Following Up: Further Information on Journeyman coach Jack Greenwell

It’s an unusual thing to be able to follow up a piece of reporting that seemingly leads to dead ends whichever way the investigation goes. So, I am more than contented to be sharing the following information here on my blog. Obviously, as a journalist, looking for a follow up story is a necessity to be able to further quantify – not to mention the added financial bonus – the piece and be able to spread the information to a greater and perhaps more engaged audience.

For those who have read my blog and for those who have seen pieces of my work online you will know that I was able to start an investigation into the life and times of an English football coach by the name of Jack Greenwell during his albeit brief tenure in charge of Santa Fe in Bogota. This became something of a quest dating back to 2009 when I was listening to the World Football Phone In on a podcast. The “Legend” Tim Vickery made a remark regarding the best English coach to have ever plied his trade overseas and in the same breath mentioned Jack Greenwell. Now, I do not have the space to once again wax lyrically of Greenwell’s achievements, but I was spurred on by the lack of knowledge regarding Greenwell’s stint in Colombia.

I started investigating the subject and could only find mention here and there, mainly in Spanish language publications of Greenwell in Bogota. Certainly the hardcore fan sites dedicated to Santa Fe make mention. I headed down to the archives for the national newspaper El Tiempo and was able to find more information, reviews of games and indeed Greenwell’s obituary. Now, Tim Vickery had suggested that Greenwell passed away perhaps in the violence that occurred in Bogota in 1948 when the city erupted in riots after the assassination of a presidential candidate in what is referred to as the Bogotazo.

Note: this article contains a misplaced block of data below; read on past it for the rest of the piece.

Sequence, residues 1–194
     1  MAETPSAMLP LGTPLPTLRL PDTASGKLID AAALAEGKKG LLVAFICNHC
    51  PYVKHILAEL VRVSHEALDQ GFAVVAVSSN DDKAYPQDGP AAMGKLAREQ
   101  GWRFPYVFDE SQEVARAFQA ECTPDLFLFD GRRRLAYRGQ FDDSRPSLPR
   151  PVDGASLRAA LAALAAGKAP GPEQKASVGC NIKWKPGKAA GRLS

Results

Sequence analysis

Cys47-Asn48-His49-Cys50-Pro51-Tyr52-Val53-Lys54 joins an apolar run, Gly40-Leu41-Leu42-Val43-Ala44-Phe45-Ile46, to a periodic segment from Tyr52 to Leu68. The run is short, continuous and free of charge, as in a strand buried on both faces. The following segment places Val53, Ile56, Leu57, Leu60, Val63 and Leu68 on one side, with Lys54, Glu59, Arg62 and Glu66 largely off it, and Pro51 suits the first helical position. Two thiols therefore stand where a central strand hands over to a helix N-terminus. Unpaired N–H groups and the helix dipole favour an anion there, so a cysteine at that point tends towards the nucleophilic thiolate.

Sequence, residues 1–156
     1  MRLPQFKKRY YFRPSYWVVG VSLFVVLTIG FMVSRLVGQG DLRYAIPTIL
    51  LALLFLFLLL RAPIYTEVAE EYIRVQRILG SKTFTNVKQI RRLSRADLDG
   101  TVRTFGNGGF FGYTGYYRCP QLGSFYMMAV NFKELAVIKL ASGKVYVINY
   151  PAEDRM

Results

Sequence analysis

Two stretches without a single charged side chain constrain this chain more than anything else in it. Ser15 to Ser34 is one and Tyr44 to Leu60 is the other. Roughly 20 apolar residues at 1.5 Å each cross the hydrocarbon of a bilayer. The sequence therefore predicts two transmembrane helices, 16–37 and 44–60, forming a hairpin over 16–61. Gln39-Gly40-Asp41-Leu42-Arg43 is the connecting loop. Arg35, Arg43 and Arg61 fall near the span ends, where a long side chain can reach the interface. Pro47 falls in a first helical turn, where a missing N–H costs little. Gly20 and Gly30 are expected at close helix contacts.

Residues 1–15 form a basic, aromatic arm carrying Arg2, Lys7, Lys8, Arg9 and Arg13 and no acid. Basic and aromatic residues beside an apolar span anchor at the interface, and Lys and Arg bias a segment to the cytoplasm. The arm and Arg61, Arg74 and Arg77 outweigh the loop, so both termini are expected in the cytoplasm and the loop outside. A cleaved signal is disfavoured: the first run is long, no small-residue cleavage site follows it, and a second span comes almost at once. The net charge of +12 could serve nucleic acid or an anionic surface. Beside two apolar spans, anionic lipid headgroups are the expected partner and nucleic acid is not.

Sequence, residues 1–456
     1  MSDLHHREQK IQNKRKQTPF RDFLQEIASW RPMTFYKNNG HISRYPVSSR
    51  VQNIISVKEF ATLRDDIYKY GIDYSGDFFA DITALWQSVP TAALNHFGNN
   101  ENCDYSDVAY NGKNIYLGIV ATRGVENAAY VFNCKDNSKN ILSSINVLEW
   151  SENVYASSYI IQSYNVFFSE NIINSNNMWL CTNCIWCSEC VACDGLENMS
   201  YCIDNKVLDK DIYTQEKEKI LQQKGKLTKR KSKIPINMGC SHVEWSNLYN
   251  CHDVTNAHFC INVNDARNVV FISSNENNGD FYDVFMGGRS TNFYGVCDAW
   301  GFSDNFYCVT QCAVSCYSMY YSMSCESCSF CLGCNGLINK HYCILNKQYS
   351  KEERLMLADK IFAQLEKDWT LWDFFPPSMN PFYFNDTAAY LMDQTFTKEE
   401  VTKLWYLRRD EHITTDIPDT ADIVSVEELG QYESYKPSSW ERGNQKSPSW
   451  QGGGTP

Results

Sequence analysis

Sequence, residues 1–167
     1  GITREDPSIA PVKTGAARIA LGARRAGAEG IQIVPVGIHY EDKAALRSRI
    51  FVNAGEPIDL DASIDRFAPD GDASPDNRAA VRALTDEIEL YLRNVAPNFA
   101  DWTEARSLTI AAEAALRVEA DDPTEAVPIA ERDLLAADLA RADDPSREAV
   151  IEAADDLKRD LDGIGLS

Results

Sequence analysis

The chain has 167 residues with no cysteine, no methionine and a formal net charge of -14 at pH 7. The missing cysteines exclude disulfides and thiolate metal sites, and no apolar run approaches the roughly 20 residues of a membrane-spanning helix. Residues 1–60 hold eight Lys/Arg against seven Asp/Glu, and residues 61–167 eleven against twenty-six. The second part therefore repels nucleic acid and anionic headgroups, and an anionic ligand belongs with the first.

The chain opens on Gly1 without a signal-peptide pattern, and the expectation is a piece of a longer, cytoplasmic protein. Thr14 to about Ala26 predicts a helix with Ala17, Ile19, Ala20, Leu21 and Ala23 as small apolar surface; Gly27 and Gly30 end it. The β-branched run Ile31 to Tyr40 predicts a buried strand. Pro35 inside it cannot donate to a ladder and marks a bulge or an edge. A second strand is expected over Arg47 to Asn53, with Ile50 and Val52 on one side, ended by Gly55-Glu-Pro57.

Indeed, had Greenwell been resident in his digs on the Calle 16 with Carrera 8 on this date, he would no doubt have been caught up in the violence and ensuing destruction of the capital. But, this journeyman English coach had already passed away a couple of years previously.

So, once I had found the information in El Tiempo, I could then trace Greenwell through the Bogota Archives to find out where he died and how. In the Notaria 2 I was able to find his death notice and in the Archives there was a note that he was buried in the British Cemetery. A visit to the cemetery yielded no tombstone for Greenwell and I imagine that he was buried in a pauper’s grave either there or in the neighbouring Cementerio Central.

Anyhow, I published the piece in Bogota’s City Paper and then sought out Brent Atema of the notable football website Global Football Today. Fortunately Atema took the piece and it remains to this day up there. I filed the piece and got on with life.

Then, I saw the contact from a descendent of Greenwell’s and through the webserver and Atema we were able to secure an email address to one Doris Hahn, Greenwell’s Peruvian-born Canada-based granddaughter. Sadly her mother, Greenwell’s daughter, Carmen had passed away not too long ago, but I got the opportunity while on holiday in Canada in August 2012 to meet Doris and talk about my findings and see her substantial file of information on her grandfather.

My piece on GFT had clarified some of the myth around Greenwell and his last days. Even the Northern Echo newspaper in the United Kingdom  published a line back in 2009 suggesting that Greenwell had returned to northern England to Middlesborough and had owned a pub.